Monday, January 20, 2014

New watchdog C4 aims to tackle explosive corruption issues

BY JENNIFER GOMEZ
JANUARY 20, 2014
Gabriel (second from left) shares a light moment with other members of C4 during the group's launch recently. - January 20, 2014.Gabriel (second from left) shares a light moment with other members of C4 during the group's launch recently. - January 20, 2014.There is a new anti-graft watchdog in town, and its focus is on public institutions such as the judiciary and the Malaysian Anti-Corruption Commission (MACC).
Known by its acronym C4, the Centre to Combat Corruption and Cronyism is co-founded by human rights activist Cynthia Gabriel, part of the team from seasoned rights group Suaram who raised issues about Malaysia's submarine purchase from France.
Gabriel told The Malaysian Insider recently that scrutinising the judiciary and the MACC, as well as cooperating with the anti-corruption commission, will form part of C4's efforts to strengthen public institutions to ensure the corrupt are held accountable.
"Who will account for the RM12.5 billion embezzlement in the PKFZ fiasco now that former ministers Tun Ling Liong Sik and Tan Sri Chan Kong Choy have been acquitted by the courts.  Who pocketed the money in the Scorpene deal?" asked Gabriel.
"More and more people are concerned that the public institutions have failed us and major issues remain unresolved," she said, citing prominent cases involving the National Feedlot Corporation, Port Klang Free Zone (PKFZ), as well as the controversial Scorpene submarine purchase from France.
"And in the NFC case, it was the whistlblower who was dragged to court."
Others involved in C4 include former vice-chairman of Suhakam Tan Sri Simon Sipaun, Islamic Renaissance Front director Dr Ahmad Farouk Musa and former Transparency International executive director Richard Yeoh, alongside prominent personalities as advisors such as Datuk Ambiga Sreenevasan and Edmund Bon, the former Bar Council president.
Fully funded by Malaysian donors, the first phase of C4's operations will be run by its co-founders and several volunteers.
According to Gabriel, C4 is civil society's response to corruption which she said is the primary problem plaguing the country.
She said although MACC was entrusted to investigate corrupt practices and individuals, there is not enough being done, especially in probing government and political leaders.
She added that C4 is also a response to the rising cost of living affecting the public.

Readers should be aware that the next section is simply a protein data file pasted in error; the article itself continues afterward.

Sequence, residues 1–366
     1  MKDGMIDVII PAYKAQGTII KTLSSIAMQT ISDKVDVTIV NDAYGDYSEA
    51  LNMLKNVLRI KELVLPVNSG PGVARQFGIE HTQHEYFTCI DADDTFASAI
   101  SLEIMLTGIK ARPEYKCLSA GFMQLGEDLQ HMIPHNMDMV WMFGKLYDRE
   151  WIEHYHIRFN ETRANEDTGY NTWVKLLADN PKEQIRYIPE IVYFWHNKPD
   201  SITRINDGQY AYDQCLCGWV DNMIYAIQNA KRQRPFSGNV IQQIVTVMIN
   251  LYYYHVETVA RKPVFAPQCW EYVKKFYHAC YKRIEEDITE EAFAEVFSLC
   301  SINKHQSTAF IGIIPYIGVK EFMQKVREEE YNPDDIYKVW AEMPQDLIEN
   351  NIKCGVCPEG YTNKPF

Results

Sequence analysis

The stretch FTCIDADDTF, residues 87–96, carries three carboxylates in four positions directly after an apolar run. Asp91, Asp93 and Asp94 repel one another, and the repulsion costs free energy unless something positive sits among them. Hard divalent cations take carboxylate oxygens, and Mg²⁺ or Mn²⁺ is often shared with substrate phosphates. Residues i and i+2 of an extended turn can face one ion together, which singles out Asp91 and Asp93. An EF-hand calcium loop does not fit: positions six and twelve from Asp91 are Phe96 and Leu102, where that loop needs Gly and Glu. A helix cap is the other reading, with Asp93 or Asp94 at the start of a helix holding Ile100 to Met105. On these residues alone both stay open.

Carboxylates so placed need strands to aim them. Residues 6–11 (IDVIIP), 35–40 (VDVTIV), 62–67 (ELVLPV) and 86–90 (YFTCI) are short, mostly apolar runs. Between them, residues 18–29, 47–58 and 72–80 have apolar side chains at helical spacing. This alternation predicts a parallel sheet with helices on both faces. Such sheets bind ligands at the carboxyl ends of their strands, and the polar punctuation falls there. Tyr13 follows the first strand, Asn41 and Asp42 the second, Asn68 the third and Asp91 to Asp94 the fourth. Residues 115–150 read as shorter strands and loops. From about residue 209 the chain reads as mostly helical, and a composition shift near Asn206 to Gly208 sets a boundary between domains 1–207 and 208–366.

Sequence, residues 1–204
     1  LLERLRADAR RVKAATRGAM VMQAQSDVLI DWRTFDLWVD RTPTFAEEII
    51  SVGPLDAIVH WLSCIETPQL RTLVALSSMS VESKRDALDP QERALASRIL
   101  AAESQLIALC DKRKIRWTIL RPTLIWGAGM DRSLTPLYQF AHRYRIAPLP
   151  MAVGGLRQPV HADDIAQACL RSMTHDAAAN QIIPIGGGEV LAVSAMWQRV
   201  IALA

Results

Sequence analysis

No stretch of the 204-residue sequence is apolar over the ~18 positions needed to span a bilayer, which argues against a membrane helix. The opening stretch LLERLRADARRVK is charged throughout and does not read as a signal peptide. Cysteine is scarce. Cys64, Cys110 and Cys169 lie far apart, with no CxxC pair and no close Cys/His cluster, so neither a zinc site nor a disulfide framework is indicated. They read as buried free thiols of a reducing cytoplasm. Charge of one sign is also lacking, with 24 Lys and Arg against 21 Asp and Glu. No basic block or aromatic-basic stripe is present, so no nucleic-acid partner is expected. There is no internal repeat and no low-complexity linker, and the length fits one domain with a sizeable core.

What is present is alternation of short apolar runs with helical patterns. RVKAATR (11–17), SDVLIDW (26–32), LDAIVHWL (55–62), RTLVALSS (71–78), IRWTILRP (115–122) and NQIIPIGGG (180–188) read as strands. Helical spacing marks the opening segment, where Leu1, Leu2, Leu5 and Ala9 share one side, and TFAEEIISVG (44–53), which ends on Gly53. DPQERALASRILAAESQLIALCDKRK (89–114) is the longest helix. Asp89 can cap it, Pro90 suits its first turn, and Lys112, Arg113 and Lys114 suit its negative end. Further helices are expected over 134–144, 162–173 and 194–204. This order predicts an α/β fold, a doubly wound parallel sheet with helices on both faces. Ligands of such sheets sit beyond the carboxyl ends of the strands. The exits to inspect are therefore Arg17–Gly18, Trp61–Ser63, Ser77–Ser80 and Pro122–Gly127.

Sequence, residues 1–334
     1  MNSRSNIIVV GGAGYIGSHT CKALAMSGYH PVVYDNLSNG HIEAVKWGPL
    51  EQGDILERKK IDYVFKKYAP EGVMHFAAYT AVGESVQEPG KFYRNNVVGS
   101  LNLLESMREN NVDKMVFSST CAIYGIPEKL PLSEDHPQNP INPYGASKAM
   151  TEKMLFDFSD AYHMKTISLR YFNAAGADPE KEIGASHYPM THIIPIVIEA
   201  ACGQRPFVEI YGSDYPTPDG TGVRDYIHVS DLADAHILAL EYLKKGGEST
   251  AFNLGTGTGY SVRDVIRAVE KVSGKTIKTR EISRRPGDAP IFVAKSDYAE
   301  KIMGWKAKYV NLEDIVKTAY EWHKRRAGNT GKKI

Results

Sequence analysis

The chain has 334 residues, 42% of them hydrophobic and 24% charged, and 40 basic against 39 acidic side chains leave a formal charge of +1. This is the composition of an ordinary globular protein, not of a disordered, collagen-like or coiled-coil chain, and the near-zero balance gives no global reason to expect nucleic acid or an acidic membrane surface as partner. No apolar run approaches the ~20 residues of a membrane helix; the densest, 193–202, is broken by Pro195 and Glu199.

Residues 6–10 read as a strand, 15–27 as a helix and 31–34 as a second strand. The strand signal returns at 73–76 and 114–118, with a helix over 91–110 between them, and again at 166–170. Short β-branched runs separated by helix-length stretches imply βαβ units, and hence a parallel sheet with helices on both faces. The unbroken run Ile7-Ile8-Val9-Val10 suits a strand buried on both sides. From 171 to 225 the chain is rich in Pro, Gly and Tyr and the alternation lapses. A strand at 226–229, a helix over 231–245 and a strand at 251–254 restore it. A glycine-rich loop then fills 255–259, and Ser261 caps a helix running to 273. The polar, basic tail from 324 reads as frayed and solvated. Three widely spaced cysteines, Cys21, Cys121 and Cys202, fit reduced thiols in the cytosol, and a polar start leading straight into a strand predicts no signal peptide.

"We have a situation where certain people in power are having lavish birthday and wedding parties, using government jets for private use and purchasing a RM100 million penthouse in upscale New York," said Gabriel, referring among others to the birthday party for Home Minister Datuk Seri Ahmad Zahid Hamidi at a 5-star hotel in Kuala Lumpur.
"At the same time, they are telling the rakyat to tighten their belts to deal with rising costs, so we need to know if these people are living beyond their means and whether taxpayers money are being misused or abused," she said.
Dismissing any suggestion that C4 might not be well-received by Putrajaya, Gabriel said the group's intentions were in line with Prime Minister Datuk Seri Najib Razak's aspirations to combat corruption under the National Key Result Area.
She pointed out that Najib's seriousness in combating corruption was also seen in the appointment of former Transparency International Malaysia president Datuk Paul Low as  Minister in the Prime Minister's Department, to help Putrajaya in its battle against corruption.
"We urge the ruling government to receive us with an open mind. We see no reason for them to discredit us even before we hit the ground running."
And to show their commitment in cooperating with Putrajaya to combat corruption, Low was invited to attend a forum on January 16 on "Delinking Power and Corruption", held in conjunction with its launch.
However, Low changed his mind and did not turn up, said Gabriel.
C4 will among others follow up on the Auditor General's Report which documented wastage of public funds, bad procurement practices and power abuse in the public service.
"We need to improve  public sector accountability and spending," she said.
On the choice of the group's acronym, Gabriel said they were "very strategic" in settling for C4.
"We wanted it to be catchy, something people will remember, as it points to a very disturbing mega unresolved corruption scandal in the country and if we leave things to rot away, it is going to lead to a situation which is even more explosive," she said.
She added that C4, conceived months ago following grouses over spiralling corruption and other misdeeds, was inspired by several countries, including Hong Kong and India.
While Hong Kong used to be a corrupt country, there was now good law enforcement strengthened by the province's highly successful Independent Commission Against Corruption, said Gabriel.
Citing India as another example, Gabriel spoke about Arvind Kejriwal of the Aam Admi Party – a movement of ordinary citizens fighting against corruption – which won the Delhi state elections, with Kejriwal becoming its chief minister.
Gabriel said that despite having famous personalities on its board, C4 could only be successful if it could connect with all Malaysians.
One main thrust of C4, according to Gabriel, is to build mass appeal among various sectors of society, involving the urban middle class, rural folk and peoples of Sabah and Sarawak, where issues of land grab and corruption have taken centre stage.
Gabriel believed that the name C4 itself is enough to set things moving, recalling the name of an explosive "that was used in a scandal" which once rocked the country. - January 20, 2014.
~ The Malaysian Insider

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